Histories of Humanitarianism
The history of humanitarianism has lately become a growth area.
Staff and students in HCRI and the History Department collaborate in the research group on Histories of Humanitarianism. Our research explores practices, representations, and concepts related to humanitarian action in diverse global settings across the nineteenth and twentieth centuries. It reflects Manchester’s distinctive expertise in histories of humanitarianism that cross disciplinary boundaries and connect historical perspectives to current events.
Our research interests include:
- Relief practices, such as responses to conflict, famine, and natural disasters, how local and transnational networks respond in times of crisis, and how such practices have evolved over time;
- Displacement, both across borders and within them, mapping responses at multiple levels as well as in global and comparative perspectives, and seeking to understand the meanings and narratives of displacement for those who experience it;
- Non-governmental organisations and international organisations, including the techniques these organisations use to raise funds, to communicate with different audiences, and to foster organisational cultures;
- Ideas and cultures of care, exploring what motivates action on behalf of others, how different beliefs and ideologies have conceived and influenced such action, and what frameworks have enabled or obstructed it.
Work on these and other themes within humanitarian history has been supported by the Arts and Humanities Research Council (AHRC), the British Academy, the Economic and Social Research Council (ESRC), and the Leverhulme Trust, as well as by the University of Manchester’s Faculty of Humanities Strategic Investment Fund and its ESRC Impact Acceleration Account.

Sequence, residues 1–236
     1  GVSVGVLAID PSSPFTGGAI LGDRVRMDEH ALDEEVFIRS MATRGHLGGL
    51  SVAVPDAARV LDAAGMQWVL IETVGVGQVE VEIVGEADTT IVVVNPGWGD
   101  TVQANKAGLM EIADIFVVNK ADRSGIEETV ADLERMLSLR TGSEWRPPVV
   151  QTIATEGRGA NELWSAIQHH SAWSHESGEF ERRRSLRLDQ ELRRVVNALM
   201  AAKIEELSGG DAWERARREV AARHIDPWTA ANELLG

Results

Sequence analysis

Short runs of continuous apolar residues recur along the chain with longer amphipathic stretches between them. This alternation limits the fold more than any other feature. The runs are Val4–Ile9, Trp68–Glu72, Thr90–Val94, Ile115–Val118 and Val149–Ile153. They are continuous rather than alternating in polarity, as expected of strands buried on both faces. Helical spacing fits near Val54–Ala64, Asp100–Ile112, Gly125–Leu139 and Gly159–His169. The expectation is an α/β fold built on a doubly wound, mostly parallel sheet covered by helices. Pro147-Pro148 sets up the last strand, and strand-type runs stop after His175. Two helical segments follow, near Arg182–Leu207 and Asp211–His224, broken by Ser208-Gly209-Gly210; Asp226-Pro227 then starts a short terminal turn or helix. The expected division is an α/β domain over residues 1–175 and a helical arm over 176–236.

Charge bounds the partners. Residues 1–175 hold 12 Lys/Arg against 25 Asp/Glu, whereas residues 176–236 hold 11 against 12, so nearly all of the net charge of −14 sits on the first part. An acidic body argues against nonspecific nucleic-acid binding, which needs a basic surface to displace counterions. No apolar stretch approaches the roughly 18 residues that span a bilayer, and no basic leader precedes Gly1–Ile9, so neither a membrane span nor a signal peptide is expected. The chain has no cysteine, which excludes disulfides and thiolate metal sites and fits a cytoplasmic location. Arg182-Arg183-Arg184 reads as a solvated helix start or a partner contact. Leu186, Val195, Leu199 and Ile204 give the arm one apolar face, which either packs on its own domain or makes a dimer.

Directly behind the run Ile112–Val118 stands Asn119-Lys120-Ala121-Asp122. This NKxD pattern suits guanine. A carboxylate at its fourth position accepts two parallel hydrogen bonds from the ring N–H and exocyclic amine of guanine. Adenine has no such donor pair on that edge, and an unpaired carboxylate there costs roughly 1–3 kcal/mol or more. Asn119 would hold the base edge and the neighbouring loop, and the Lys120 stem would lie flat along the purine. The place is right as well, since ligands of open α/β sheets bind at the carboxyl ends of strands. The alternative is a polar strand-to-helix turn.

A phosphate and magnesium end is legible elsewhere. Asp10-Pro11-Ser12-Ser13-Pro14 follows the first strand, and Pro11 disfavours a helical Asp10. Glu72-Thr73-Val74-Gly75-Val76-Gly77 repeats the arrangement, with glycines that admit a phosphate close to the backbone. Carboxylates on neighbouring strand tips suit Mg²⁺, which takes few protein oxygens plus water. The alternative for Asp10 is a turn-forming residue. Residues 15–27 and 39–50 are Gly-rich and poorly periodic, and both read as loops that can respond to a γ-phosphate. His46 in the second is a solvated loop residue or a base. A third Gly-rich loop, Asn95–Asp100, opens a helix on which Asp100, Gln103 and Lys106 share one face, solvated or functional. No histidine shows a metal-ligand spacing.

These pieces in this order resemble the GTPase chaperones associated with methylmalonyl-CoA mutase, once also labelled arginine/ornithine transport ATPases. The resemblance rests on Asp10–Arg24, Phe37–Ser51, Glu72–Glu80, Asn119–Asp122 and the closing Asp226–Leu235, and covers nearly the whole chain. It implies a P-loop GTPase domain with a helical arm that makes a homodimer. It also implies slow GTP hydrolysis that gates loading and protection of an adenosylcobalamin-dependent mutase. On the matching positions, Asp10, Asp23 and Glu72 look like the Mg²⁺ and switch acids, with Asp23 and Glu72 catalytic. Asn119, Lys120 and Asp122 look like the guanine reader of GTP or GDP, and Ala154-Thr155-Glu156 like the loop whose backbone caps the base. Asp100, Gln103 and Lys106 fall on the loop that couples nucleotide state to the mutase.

Eleanor Davey, Peter Gatrell, Jessica Hawkins, Tanja Müller, Bertrand Taithe
Talita Cetinoglu, Jennifer Chapman, Rebecca Viney-Wood, Samantha Winkler
For further information on histories of humanitarianism at the University of Manchester, including the full list of colleagues involved and more on our activities, please see the research groups page on the History Department website.
Recent publication highlights
- Davey, Eleanor. Idealism beyond Borders: The French Revolutionary Left and the Rise of Humanitarianism, 1954-1988. Cambridge: Cambridge University Press, 2015.
- Gatrell, Peter. The Making of the Modern Refugee, 2nd edition. Oxford: Oxford University Press, 2015.
- Gatrell, Peter. “Refugees – What’s Wrong with History?” Journal of Refugee Studies, Advance Access (2016).
- Hawkins, Jessica. “Historicizing the State in Development Theory: Michael Mann’s Model of Social Power,” Progress in Development Studies 14:3 (2014): 299-308.
- Müller, Tanja. “Acts of Citizenship as a Politics of Resistance? Reflections on Realizing Concrete Rights within the Israeli Asylum Regime,” Citizenship Studies 20:1 (2015): 50-66.
- Taithe, Bertrand. “The Cradle of the New Humanitarian System? International Work and European Volunteers at the Cambodian Border Camps, 1979–1993,” Contemporary European History 25:S2 (2016): 335-58.